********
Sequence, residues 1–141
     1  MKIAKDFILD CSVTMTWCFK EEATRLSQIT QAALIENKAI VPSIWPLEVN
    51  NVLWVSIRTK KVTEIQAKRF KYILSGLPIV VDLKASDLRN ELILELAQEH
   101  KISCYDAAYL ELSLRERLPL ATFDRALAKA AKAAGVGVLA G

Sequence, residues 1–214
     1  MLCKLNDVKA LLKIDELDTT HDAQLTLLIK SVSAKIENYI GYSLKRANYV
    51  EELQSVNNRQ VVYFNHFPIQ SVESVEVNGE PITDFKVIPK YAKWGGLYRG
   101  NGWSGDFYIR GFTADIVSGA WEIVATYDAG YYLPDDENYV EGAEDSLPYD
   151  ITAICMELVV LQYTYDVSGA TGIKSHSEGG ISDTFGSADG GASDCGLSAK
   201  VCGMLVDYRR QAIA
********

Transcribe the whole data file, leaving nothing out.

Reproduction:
Sequence, residues 1–141
     1  MKIAKDFILD CSVTMTWCFK EEATRLSQIT QAALIENKAI VPSIWPLEVN
    51  NVLWVSIRTK KVTEIQAKRF KYILSGLPIV VDLKASDLRN ELILELAQEH
   101  KISCYDAAYL ELSLRERLPL ATFDRALAKA AKAAGVGVLA G

Sequence, residues 1–214
     1  MLCKLNDVKA LLKIDELDTT HDAQLTLLIK SVSAKIENYI GYSLKRANYV
    51  EELQSVNNRQ VVYFNHFPIQ SVESVEVNGE PITDFKVIPK YAKWGGLYRG
   101  NGWSGDFYIR GFTADIVSGA WEIVATYDAG YYLPDDENYV EGAEDSLPYD
   151  ITAICMELVV LQYTYDVSGA TGIKSHSEGG ISDTFGSADG GASDCGLSAK
   201  VCGMLVDYRR QAIA